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September 21, 2009 | The Nation

In the Magazine

September 21, 2009

Cover: Cover and issue design by Steven Brower, cover and issue illustrations by Tim Robinson

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Anna Lappé on cafeteria consciousness, Michael Pollan on the wisdom of Wendell Berry and Alexander Cockburn on Obama's last chance

Letters


Four-Star Food Favorites

We invited readers to tell us about their most beloved food
institutions.

Editorials

The president's healthcare speech was not a full-fledged antidote to decades of Reaganism. But it was an eloquent call for a new progressive role for government. We must build on it.

Matthew Murray, a disturbed young gunman behind the the shootings in Colorado Springs, chose to end his nightmare and rebel against Christian-right self-help gurus and cult-like doctrines.

In confusing times like these, it's important to keep the story straight.

Band together to gain control of your own food.

Bad peanuts and killer spinach: that's the food story of 2009. But in the coming months we may see a huge turning point in the fight for safety.

Our investigation into the shootings of African-Americans in the days after Hurricane Katrina seems to have gotten the feds' attention; but in New Orleans, the wheels of justice have rusted.

The window is open for President Obama and a Democratic Congress to finally reform our healthcare system. Success means a bill with a strong public option, not a watered-down "bipartisan" measure.

Rising healthcare costs are killing wage increases.

Columns

TruthDig

What if eight years ago the World Trade Center had been leveled by a small nuclear bomb that took out most of lower Manhattan as well?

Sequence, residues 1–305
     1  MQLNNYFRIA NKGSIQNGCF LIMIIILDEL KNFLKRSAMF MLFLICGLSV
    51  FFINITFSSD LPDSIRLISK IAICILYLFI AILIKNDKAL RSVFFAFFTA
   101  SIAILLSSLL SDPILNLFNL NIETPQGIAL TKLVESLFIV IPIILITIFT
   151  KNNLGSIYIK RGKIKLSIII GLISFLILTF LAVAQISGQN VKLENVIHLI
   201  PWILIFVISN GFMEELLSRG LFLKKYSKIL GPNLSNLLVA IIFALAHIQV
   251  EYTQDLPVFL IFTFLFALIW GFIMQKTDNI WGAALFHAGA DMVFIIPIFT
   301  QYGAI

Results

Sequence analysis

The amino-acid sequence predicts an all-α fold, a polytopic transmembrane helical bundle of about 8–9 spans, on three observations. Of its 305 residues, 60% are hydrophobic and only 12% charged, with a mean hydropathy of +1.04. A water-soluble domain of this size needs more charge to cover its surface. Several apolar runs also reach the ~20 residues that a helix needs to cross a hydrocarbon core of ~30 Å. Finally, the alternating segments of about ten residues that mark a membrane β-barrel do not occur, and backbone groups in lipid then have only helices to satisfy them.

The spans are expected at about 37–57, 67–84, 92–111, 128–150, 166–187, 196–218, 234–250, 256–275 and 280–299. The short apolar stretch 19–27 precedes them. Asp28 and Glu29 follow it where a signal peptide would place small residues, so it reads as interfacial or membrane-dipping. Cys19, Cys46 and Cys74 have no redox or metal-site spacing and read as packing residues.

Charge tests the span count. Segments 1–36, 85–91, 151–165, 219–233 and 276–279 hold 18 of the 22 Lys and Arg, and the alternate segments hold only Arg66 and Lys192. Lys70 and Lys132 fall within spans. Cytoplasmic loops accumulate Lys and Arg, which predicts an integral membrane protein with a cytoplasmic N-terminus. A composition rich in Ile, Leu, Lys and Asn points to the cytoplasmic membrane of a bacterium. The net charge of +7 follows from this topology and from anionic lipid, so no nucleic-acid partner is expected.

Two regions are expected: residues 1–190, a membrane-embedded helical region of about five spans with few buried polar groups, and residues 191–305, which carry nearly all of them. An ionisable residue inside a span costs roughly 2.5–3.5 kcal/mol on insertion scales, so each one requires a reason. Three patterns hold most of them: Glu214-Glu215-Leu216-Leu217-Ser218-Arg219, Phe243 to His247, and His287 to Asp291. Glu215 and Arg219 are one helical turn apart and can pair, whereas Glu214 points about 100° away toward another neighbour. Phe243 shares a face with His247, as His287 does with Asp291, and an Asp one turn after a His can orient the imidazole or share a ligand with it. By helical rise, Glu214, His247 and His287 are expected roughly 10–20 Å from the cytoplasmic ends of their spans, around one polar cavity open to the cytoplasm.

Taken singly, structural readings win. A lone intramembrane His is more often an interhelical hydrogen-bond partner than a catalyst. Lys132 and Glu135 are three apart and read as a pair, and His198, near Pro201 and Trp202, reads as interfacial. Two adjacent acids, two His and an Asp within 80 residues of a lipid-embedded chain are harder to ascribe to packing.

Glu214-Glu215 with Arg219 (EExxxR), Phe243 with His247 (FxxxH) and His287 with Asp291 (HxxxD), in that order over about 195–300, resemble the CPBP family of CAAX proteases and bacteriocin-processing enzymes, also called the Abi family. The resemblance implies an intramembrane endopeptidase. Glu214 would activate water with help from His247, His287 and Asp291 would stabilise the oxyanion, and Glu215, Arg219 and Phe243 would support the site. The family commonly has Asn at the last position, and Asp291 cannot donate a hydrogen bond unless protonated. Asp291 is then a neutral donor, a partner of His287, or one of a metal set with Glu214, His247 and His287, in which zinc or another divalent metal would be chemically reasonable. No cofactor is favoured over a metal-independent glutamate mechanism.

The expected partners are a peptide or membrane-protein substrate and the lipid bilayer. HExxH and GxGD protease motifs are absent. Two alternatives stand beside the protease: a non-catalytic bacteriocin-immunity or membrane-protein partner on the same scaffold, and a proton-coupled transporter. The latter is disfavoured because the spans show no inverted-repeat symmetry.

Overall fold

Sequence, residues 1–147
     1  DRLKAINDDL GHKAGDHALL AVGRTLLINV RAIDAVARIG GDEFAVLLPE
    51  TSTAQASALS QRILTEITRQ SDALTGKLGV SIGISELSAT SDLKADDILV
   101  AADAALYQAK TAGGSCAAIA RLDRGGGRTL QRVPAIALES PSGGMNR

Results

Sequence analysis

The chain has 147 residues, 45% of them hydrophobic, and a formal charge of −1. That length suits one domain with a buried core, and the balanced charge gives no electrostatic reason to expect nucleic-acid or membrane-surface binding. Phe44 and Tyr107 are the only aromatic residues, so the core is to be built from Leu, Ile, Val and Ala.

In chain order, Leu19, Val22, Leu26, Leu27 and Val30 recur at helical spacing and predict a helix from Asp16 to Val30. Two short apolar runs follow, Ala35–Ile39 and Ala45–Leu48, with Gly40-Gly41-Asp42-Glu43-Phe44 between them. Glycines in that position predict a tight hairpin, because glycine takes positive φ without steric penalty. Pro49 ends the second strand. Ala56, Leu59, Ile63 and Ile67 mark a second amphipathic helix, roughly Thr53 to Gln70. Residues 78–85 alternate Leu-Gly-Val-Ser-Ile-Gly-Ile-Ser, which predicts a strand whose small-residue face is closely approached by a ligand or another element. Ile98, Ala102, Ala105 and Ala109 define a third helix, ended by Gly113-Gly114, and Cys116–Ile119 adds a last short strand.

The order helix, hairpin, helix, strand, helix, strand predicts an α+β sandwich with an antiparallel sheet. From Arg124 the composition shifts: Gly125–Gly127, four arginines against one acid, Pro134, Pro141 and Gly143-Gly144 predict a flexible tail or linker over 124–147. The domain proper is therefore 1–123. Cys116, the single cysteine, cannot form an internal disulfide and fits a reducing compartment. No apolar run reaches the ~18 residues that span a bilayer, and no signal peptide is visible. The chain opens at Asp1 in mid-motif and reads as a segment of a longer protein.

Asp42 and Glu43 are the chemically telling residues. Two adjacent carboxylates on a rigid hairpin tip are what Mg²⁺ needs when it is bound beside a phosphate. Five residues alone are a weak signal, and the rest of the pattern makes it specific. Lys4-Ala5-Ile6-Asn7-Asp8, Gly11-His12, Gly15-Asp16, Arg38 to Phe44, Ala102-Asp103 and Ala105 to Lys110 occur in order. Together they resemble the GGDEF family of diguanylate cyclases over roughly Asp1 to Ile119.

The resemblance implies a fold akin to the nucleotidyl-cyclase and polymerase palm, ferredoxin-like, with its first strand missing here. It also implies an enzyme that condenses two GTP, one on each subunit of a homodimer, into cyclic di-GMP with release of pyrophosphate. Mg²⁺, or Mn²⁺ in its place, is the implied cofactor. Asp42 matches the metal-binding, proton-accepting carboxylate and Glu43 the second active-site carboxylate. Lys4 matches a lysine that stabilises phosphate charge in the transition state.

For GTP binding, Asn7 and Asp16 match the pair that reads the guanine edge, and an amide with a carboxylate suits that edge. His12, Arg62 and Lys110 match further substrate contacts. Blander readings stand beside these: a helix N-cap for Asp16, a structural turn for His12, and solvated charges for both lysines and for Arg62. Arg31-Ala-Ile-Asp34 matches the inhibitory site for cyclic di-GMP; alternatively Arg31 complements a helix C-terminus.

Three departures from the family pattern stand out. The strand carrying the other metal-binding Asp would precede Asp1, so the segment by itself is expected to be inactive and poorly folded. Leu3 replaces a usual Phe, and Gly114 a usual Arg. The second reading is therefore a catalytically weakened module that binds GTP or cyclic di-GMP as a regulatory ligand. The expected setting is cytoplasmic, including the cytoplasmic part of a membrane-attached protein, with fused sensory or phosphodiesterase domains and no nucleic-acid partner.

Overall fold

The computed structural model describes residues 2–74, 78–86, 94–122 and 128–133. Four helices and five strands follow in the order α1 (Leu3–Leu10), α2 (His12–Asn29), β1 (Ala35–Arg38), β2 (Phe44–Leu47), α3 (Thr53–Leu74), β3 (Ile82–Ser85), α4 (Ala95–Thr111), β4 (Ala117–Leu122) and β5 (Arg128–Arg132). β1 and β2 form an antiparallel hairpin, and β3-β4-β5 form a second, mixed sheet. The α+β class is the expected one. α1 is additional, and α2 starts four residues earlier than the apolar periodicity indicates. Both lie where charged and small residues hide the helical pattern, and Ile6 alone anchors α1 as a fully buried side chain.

A movie about women's struggle to express their gifts through work? Delicious.

We crave drama, but we're not getting it, except in the form of racist rallies.

Articles

The death of a Triple Canopy contractor in Iraq bears a striking resemblance to an earlier electrocution ruled to be a "negligent homicide."

How to measure "success" in Afghanistan, the metrics for a war gone to hell.

Employment and labor law violations are still persistent in America. There is hope for change with the new administration.

In an exclusive Nation interview, the deposed Honduran president assesses the significance of his recent meeting with Secretary of State Clinton.

In an exclusive Nation interview, the ousted Honduran president calls the new State Department aid cutoff a "direct blow" against the regime that exiled him.

An African-American community with New Deal roots finds some hope in a farmers' market.

Today's conversation about food was started by dot-connecting writers like Berry in the 1970s.

A frustrating quest for food security has led some residents to grow their own.

Concerned about global warming, students are pushing for change--in their dining halls.

Bill Gates's fortune is funding a new Green Revolution. But is that what Africans need?

To engage a broader audience, food-justice activists need to change their language.

How we came to see vacant lots not as blight but as opportunities to grow our own food.

People are beginning to understand the connection between our stomachs and our common destiny.

School lunch reform is the best way to teach democratic values.

The campaign for food democracy needs to start with boning knives and cast iron skillets.

Five leading figures of this country's food movement reflect on how food democracy can be achieved, here and now.

Books & the Arts

Book

How will the good-food revolution move beyond its evangelical phase?

Book

Will narrowed on a single object and fixed in the face of adversity--such is the recurring story of Gabriel García Márquez's work and life.

3rd Party Article

Tolu Olorunda It's the idea of one legendary black MC, who's dedicated two decades to the fight against rap-related violence.

Crossword


ACROSS

 1 and 6 You can get such things beneath the vendor's place of business being so bodied. (14)